Christopher Bailey is to step down as chief creative officer and president of Burberry, after almost two decades at the brand.
The British fashion house announced today that Bailey will leave his position in March 2018 to pursue new creative projects.
Burberry is now looking to find a successor, although Bailey will continue to provide support to CEO Marco Gobetti until December 2018 – a period that the company has described as transitional.
"It has been the great privilege of my working life to be at Burberry, working alongside and learning from such an extraordinary group of people over the last 17 years," said Bailey.
"I am excited to pursue new creative projects but remain fully committed to the future success of this magnificent brand and to ensuring a smooth transition."
Having joined the brand as design director in 2001, Bailey has been credited with Burberry's transformation from a small outerwear business to a global luxury label.
Since being appointed chief creative officer in 2009, he has guided the brand through a number of big business decisions, such as the choice to make collections available to purchase straight after they are shown on the runway, as opposed to the typical four-month delay.
His leadership also saw Burberry team up with The New Craftsmen to showcase the work of designers and craftspeople in an old Soho warehouse, during London Fashion Week in September 2016.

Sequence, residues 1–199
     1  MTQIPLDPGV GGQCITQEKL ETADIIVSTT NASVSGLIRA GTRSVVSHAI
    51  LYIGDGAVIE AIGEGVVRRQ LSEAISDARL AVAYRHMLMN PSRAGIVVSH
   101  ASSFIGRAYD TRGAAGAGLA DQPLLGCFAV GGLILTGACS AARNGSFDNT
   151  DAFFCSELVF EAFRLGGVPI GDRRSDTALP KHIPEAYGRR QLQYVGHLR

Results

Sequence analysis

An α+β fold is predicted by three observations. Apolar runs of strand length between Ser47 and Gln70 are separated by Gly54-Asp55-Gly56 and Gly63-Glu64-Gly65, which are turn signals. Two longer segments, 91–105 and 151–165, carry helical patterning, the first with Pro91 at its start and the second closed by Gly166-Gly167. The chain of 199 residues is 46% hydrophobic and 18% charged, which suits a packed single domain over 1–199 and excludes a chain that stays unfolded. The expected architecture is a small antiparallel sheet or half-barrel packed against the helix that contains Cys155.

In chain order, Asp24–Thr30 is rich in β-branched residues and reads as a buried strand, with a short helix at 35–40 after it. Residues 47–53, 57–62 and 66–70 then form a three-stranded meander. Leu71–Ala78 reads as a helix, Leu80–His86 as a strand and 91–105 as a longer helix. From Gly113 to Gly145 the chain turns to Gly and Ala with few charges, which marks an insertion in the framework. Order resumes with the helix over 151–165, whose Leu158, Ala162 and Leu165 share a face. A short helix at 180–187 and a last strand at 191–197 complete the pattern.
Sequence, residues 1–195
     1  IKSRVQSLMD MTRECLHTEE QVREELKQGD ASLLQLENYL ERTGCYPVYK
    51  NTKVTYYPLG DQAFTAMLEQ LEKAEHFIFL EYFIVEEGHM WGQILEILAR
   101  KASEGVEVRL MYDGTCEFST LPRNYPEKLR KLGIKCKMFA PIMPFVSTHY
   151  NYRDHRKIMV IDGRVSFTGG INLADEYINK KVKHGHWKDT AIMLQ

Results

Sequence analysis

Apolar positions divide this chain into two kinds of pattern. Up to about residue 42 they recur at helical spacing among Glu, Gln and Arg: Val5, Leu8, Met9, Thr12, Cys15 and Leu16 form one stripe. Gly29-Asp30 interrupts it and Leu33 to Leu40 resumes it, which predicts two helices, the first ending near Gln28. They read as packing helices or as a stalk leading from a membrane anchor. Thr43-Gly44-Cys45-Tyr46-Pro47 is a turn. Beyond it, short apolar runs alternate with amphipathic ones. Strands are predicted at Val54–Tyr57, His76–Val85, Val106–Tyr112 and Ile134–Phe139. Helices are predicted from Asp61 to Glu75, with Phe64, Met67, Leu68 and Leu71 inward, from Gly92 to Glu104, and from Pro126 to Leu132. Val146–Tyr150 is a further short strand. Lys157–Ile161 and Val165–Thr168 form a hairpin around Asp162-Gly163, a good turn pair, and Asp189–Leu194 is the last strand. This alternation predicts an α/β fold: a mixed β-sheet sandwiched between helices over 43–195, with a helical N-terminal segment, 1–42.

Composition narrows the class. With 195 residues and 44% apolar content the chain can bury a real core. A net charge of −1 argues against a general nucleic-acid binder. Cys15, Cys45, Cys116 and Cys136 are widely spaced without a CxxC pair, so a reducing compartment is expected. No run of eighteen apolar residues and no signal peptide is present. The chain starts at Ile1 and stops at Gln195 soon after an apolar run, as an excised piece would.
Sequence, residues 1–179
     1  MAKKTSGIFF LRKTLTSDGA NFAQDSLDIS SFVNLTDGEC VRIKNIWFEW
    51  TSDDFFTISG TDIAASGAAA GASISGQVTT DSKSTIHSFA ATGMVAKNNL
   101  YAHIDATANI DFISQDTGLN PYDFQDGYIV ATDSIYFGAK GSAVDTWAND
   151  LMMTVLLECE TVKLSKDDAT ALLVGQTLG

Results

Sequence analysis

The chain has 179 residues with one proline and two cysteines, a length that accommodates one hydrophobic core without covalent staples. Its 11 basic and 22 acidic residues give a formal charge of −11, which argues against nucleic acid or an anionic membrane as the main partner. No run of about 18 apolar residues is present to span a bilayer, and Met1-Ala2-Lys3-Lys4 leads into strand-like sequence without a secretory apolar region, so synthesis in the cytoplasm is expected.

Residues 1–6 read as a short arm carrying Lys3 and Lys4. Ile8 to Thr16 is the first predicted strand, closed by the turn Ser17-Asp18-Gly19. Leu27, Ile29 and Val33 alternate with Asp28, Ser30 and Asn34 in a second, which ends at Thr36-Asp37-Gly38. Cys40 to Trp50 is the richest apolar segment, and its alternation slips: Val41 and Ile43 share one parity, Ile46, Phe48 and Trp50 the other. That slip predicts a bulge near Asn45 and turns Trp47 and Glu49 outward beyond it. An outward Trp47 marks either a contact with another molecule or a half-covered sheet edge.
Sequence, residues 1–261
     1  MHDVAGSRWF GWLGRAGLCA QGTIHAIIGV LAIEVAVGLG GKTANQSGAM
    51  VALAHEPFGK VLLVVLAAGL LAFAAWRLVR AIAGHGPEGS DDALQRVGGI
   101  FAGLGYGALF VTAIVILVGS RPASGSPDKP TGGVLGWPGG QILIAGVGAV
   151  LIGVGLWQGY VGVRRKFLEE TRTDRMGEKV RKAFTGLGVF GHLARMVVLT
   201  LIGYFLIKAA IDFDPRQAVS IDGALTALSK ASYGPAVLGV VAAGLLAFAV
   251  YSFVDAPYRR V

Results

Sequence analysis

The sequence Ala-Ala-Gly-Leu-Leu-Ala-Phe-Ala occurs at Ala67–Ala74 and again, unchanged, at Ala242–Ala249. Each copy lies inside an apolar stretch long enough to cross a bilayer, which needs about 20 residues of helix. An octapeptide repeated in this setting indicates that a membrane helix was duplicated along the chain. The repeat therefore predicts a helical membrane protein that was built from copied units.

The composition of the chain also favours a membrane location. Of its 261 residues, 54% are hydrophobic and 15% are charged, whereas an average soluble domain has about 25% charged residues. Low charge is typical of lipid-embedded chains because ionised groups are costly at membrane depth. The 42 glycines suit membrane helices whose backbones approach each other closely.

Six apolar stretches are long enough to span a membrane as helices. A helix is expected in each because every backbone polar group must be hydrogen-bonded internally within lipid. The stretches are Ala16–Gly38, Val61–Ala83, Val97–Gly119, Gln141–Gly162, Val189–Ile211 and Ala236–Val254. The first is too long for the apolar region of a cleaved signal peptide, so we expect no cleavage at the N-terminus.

"Burberry has undergone an incredible transformation since 2001 and Christopher has been instrumental to the Company's success in that period," said Gobetti.
"While I am sad not to have the opportunity to partner with him for longer, the legacy he leaves and the exceptional talent we have at Burberry give me enormous confidence in our future," he continued. "We have a clear vision for the next chapter to accelerate the growth and success of the Burberry brand and I am excited about the opportunity ahead for our teams, our partners and our shareholders."
Burberry was founded in 1856 by 21-year-old dressmaker Thomas Burberry. The brand is most famous for its trench coat and distinctive tartan pattern, which has become one of its most widely copied trademarks.